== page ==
Segregated Cemeteries

I learned something new to me yesterday when I was on my first cemetery field trip for my book project, Pioneer Cemeteries in Texas. My assistant (a good friend) and I spent time in Fredericksburg, Texas, at the Der Stadt Friedhof (German for City Cemetery) and at the Catholic Pioneer Cemetery associated with St. Mary’s Catholic Church.

As I was perusing the German pioneer graves at Der Stadt, I looked across the field to a section of graves about a football field away from the old German graves. I asked the caretaker of the cemetery why it was so far away. The caretaker, a young Hispanic man, shook his head and said, “That’s where the Blacks are buried.” His response was like a splash of icy water on my face.

The Catholic cemetery had a separate a section for Mexicans. Even the Mexican priests were buried here, away from the “White” priests who had large grave markers and an altar with a crucifix situated behind them.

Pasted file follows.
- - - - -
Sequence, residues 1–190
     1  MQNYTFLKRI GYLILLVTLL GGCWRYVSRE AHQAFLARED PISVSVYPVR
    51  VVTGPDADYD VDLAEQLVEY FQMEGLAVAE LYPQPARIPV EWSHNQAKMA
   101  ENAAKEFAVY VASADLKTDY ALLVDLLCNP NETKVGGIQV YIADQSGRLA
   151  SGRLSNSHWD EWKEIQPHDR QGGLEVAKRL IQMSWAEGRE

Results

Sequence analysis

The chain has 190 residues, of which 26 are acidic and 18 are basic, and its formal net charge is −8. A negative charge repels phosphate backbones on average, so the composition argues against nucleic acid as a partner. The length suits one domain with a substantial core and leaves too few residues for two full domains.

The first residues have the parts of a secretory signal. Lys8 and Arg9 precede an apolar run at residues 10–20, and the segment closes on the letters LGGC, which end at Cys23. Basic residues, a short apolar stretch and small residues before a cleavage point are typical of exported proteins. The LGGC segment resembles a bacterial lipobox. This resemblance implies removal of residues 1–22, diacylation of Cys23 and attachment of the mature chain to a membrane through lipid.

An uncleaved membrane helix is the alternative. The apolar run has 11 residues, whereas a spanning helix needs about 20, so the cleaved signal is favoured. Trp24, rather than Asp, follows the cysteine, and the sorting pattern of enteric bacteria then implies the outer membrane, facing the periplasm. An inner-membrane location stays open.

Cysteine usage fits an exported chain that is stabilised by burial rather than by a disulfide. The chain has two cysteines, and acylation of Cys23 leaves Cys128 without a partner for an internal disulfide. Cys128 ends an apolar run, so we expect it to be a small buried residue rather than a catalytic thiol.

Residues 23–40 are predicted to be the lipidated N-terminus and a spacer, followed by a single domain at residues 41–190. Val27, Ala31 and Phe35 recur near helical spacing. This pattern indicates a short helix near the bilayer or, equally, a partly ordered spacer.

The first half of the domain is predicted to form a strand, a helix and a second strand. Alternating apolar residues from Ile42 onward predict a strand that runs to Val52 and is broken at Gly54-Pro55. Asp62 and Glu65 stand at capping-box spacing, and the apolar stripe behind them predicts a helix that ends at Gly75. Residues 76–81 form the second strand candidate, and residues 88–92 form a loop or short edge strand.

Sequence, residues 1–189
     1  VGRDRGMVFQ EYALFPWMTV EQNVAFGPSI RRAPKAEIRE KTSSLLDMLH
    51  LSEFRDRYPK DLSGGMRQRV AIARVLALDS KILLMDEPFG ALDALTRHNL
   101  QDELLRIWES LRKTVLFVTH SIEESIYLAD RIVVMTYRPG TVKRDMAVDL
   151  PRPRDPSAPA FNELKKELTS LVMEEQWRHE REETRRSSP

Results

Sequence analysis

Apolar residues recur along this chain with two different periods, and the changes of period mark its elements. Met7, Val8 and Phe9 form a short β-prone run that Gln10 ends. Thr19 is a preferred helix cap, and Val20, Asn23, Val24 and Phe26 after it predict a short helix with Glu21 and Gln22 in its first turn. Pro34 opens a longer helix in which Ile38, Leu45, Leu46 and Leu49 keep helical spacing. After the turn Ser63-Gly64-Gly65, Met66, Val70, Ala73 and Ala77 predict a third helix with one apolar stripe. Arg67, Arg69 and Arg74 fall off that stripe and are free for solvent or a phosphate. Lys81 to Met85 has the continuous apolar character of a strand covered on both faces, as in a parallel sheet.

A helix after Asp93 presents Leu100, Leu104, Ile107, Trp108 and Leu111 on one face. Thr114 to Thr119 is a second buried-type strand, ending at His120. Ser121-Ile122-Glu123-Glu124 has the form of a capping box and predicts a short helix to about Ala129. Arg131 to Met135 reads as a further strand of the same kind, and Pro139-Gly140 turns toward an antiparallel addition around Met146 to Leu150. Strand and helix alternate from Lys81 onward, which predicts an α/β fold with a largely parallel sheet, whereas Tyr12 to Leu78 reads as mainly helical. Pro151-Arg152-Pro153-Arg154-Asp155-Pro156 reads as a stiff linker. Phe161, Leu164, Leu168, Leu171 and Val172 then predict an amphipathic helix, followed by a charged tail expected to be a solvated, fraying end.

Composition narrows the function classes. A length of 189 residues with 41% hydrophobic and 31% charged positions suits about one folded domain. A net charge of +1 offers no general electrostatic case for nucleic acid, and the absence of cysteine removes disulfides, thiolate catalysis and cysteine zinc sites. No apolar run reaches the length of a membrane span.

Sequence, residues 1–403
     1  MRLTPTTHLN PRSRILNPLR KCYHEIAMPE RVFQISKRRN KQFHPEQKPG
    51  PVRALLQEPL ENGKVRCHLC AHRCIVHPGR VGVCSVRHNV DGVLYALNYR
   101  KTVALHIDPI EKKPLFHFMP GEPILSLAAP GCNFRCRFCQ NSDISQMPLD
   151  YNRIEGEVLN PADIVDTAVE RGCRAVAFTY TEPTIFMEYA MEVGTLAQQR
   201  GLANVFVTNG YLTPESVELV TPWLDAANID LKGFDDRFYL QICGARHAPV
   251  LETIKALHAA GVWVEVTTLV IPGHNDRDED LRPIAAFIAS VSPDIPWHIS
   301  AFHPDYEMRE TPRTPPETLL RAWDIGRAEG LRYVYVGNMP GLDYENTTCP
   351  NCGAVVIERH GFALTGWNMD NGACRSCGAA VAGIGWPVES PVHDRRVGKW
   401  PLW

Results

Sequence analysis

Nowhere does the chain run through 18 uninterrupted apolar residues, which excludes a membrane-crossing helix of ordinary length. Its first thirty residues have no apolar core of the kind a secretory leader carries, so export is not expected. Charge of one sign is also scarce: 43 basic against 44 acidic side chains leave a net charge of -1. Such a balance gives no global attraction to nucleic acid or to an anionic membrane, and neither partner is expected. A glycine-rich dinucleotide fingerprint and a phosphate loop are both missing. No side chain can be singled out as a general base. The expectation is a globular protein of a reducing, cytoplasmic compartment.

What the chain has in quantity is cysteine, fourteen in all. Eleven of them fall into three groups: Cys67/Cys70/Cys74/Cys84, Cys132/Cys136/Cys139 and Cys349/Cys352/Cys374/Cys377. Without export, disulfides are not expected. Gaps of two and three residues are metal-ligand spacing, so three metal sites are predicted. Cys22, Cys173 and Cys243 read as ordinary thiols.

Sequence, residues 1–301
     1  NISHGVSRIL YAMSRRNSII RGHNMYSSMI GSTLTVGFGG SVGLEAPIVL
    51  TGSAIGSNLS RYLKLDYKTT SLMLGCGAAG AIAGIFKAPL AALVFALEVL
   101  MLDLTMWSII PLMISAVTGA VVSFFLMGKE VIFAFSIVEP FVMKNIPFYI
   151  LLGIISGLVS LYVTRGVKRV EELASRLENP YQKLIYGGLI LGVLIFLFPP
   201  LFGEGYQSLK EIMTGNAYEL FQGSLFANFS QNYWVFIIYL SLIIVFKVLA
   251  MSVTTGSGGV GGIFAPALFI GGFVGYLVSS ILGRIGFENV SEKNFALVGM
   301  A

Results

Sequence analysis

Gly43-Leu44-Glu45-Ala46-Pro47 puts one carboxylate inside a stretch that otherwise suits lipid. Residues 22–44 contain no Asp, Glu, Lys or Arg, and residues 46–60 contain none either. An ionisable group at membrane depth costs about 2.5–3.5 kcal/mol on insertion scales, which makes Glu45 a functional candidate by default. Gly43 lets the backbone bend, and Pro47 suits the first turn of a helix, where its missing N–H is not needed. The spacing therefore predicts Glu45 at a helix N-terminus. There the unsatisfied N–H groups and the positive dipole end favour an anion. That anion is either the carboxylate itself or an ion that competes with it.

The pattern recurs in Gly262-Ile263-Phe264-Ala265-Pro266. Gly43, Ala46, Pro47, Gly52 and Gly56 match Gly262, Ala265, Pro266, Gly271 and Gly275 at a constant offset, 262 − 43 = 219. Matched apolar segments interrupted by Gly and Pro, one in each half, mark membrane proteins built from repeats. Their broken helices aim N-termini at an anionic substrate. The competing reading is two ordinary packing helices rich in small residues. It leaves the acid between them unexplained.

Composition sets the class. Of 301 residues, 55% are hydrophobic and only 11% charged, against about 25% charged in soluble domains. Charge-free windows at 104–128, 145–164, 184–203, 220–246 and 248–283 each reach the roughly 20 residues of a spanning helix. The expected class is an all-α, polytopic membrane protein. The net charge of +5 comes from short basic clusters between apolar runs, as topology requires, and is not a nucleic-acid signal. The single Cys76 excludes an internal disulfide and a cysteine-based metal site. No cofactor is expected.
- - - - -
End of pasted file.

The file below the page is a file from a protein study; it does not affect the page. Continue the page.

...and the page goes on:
I am not a youngster, and I should have known this. What is even more astonishing is that as recently as 2016, in one rural Texas town, a cemetery association tried to prevent the burial of a Hispanic man, the husband of a “White” woman. One of the association’s members allegedly told the deceased man’s wife that “he couldn’t be buried there ‘because he’s a Mexican’ and directed her to ‘go up the road and bury him with the n—– and Mexicans’,” according to a complaint filed in federal court by the widow.

The above information is from a Texas Tribune article titled “Texas Sued Over ‘Whites Only’ Policy,” by Alexa Ura, published May 5, 2016.

The article goes on to include the following: “ ‘Segregated cemeteries were ‘extremely common’ in Texas, largely because of Jim Crow laws’,” said Jenny McWilliams, cemetery preservation program coordinator for the Texas Historical Commission.

“ ‘Whites only’ ” cemeteries have been illegal since 1948 when the U.S. Supreme Court outlawed racial covenants on real estate. State law also dictates that cemetery organizations may not ‘adopt or enforce a rule’ that prohibits burials based on ‘race, color, or national origin of decedent’.”

This is why field trips and interviews with locals are so important in research. There is only so much that can be gleaned from Internet research—the real stuff happens on the ground—or, in the case of graveyards, in the ground.